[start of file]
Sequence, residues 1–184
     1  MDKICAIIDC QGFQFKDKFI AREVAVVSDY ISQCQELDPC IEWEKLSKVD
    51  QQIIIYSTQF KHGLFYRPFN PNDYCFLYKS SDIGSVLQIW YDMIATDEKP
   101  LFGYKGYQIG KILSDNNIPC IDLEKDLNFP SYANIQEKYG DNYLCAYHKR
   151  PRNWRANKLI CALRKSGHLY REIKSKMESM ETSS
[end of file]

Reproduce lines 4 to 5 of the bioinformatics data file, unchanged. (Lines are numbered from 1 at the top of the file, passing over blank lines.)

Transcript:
   101  LFGYKGYQIG KILSDNNIPC IDLEKDLNFP SYANIQEKYG DNYLCAYHKR
   151  PRNWRANKLI CALRKSGHLY REIKSKMESM ETSS